Simplify the safeguarding of programs with Firetools

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Jovani Carlo Gorospe, 123RF

Jovani Carlo Gorospe, 123RF


The Firetools graphical user interface simplifies the use of the security software Firejail and also supplies useful statistics and overviews.

The console program Firejail start processes in its own "sandboxes." These jails limit access to the rest of the system. If, for example, an attacker takes over your web browser via a security loophole, the attacker is trapped in the sandbox and cannot cause any further damage. However, rather inconveniently, you need to manage this useful tool on the command line using numerous parameters [1].

Thus, Firejail developers have created Firetools – a graphical user interface for Firejail. It is based on the Qt4 framework, which KDE 4, among other software, also uses. Despite the pretty high version number (, development of Firetools only started in the spring of 2015. The young tool's functionality is therefore still pretty simple, but the core functions are up and running. A simple double-click, for example, will launch an application in a sandbox. Statistics also allow the program to be monitored.


You will find binary packages for Debian, Ubuntu, Linux Mint, Fedora, openSUSE, CentOS 7, and RHEL on the Firejail website [2]. Although 32-bit versions are available for Debian, Ubuntu, and Mint, a 64-bit system is needed for the packages for the other distributions. Users of Arch Linux will find Firejail in the AUR [3], and SlackBuild's directory supplies the packages for Slackware [4]. In any case, you can install the downloaded package using your distribution's package manager.

You will need to compile Firejail manually if there is a package missing for your distribution. To do so, first install a C compiler, Make, and the kernel headers via the package manager. Then, unpack the source archive downloaded from the Firejail website, switch to the directory just created, and install Firejail with the classic triple jump shown below. On top of Firejail and Qt4 (usually in the libqt4 ), Firetools requires the terminal program Xterm, which most distributions provide.

$ ./configure && make && sudo make install

Depending on your distribution, after the installation, you will find Firetools in either the start menu or in Ubuntu via the dashboard. The tool appears there as Firejail Tools . If in doubt, press Alt+F2 (or open a terminal) and start the program by typing firetools .

Behind Bars

Double-clicking one of the icons in Firetools' red main window (Figure 1) will start the corresponding program in a sandbox. Double-clicking the globe, for example, will open the Firefox web browser in a secured environment. Alternatively, you can right-click an icon and select Run from the context menu. Xterm is hidden behind the terminal icon, not the terminal emulation offered by the desktop environment used.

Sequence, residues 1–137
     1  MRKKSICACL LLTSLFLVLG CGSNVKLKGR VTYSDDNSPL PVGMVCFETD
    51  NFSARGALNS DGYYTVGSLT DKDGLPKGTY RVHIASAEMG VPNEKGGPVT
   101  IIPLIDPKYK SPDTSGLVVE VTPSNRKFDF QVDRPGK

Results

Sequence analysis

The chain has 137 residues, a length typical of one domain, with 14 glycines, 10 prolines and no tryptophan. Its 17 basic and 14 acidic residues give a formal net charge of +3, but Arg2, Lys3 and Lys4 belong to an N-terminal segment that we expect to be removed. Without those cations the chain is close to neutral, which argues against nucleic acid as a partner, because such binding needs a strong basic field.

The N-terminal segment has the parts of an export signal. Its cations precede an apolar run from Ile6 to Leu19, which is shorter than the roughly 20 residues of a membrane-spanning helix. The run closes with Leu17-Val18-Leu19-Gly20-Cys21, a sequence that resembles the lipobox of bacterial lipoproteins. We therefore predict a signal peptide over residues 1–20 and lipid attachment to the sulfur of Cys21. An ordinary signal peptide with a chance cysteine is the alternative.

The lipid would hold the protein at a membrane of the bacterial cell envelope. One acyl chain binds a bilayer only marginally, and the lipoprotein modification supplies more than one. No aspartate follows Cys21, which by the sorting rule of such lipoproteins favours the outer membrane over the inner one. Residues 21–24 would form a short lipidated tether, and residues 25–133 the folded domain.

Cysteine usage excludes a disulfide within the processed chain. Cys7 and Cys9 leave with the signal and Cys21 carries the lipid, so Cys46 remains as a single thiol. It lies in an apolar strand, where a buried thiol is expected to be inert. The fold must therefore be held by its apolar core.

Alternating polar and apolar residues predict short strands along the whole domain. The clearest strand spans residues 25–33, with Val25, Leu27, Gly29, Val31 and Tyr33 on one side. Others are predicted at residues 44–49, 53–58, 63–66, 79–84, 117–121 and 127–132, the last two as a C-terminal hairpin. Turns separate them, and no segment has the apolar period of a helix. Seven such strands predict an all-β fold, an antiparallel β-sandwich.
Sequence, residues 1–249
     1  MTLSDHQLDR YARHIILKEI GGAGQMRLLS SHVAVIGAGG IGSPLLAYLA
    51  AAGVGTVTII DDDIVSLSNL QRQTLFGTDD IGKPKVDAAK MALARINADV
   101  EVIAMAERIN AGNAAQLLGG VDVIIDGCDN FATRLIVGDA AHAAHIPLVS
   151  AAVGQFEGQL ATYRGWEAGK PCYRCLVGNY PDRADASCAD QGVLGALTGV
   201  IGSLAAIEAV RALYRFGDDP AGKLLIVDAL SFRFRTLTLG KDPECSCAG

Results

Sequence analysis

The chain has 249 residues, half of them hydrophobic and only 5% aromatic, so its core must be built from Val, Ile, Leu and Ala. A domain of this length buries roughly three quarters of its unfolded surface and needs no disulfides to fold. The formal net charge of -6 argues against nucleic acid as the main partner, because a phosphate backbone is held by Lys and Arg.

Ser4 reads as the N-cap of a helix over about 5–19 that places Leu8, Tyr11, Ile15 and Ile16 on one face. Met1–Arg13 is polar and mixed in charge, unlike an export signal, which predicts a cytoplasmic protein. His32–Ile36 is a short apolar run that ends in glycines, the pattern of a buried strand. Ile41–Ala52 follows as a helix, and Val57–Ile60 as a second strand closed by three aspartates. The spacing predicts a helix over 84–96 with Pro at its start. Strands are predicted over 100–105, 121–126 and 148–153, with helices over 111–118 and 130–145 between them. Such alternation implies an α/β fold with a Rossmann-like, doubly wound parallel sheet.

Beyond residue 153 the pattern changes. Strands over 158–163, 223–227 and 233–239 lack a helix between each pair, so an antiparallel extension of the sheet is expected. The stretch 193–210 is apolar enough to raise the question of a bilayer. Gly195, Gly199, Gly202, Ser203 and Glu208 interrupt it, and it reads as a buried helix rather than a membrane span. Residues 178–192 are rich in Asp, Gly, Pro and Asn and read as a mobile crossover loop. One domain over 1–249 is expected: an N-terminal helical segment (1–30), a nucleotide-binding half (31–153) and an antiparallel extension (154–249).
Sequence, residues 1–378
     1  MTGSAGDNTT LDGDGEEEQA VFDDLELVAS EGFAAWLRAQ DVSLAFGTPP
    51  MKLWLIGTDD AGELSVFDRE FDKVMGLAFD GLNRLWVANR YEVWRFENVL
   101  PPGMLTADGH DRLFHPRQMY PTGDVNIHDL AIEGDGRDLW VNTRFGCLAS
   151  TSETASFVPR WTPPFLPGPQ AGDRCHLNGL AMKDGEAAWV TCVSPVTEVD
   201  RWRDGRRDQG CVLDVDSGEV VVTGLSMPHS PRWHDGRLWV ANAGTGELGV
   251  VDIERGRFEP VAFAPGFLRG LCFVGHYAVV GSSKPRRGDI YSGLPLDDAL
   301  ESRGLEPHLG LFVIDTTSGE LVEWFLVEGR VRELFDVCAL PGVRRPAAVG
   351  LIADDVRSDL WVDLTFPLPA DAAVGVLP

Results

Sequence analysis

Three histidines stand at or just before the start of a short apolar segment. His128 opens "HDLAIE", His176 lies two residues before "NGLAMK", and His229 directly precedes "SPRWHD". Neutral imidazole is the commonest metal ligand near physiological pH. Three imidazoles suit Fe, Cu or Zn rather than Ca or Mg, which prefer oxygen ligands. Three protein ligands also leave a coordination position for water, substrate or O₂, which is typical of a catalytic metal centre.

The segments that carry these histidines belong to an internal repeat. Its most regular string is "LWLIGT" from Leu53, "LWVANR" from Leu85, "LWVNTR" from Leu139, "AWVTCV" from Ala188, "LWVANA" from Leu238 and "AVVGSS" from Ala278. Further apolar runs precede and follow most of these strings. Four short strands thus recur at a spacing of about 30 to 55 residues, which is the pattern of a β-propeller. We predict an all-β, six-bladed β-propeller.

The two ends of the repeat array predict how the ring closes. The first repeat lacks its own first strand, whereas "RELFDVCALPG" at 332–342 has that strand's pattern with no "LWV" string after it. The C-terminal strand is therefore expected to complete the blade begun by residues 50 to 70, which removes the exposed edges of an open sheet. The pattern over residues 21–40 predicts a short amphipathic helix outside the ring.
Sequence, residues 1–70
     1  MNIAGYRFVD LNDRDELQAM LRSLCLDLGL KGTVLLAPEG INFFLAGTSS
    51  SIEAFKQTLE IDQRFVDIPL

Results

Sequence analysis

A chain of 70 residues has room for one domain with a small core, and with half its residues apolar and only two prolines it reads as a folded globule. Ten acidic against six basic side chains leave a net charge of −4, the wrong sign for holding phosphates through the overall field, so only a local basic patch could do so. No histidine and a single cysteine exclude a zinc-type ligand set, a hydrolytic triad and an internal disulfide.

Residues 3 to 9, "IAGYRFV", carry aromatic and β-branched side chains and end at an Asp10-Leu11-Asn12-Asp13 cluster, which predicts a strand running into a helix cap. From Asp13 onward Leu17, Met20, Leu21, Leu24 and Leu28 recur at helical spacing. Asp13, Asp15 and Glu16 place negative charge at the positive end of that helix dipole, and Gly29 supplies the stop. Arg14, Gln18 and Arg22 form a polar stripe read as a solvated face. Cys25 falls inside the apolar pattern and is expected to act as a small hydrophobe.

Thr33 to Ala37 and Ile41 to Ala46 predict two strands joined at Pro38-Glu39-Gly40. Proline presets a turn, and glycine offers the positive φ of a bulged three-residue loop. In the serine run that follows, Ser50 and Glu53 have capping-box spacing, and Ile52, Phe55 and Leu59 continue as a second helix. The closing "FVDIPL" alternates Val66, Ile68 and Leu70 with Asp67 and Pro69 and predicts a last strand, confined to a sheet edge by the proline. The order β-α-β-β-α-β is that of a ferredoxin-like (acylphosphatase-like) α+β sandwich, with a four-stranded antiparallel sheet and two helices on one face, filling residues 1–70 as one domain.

Figure 1: Clicking the respective icon is enough to start the program with Firejail in a secure sandbox.

To move the red window, place the mouse pointer on it. Then, hold the left mouse button and drag the window to the desired position. Clicking the small white bar in the top right corner will minimize the window.

There is then only one icon left in Ubuntu at the top right in the panel. To display the window again, click the icon and select Restore . The red main window can currently manage a maximum of 12 applications. To add your own program, right-click an empty space and select Edit . Now specify the name of the program in the window from Figure 2 and a description that will appear later in the tool tip. Define the Firejail command, which Firetools will use to lock the application in a sandbox in Command . For a simple sandbox, you can just type firejail followed by the name of the application. You can increase security by enabling two of the kernel's additional security mechanisms using the corresponding parameters. The following example locks LibreOffice in this way:

$ firejail --seccomp --caps.drop=all libreoffice
Figure 2: Specify the Firejail command in the settings of the respective entry. In this example, Firetools would start the document viewer.

Be careful: Firetools actually only executes the command stored here. Notably, this doesn't make sure that the application is run in a sandbox. If you only type firefox in the box, Firetools will start the browser outside of a jail. You can change the details later by clicking the right mouse button in the red main window above the corresponding program and then selecting Edit . To remove a program from the window, select Delete from the context menu. However, this only works with programs you added; icons that are already there can't be deleted, they can only be edited via Edit .

There are more shortcomings: It is not possible to incorporate your own icons, for example. The programs you add only appear with text. The current version of Firetools ( also forgets all settings as soon as you close the window by right-clicking and selecting Quit . This also applies to both edited and new entries.

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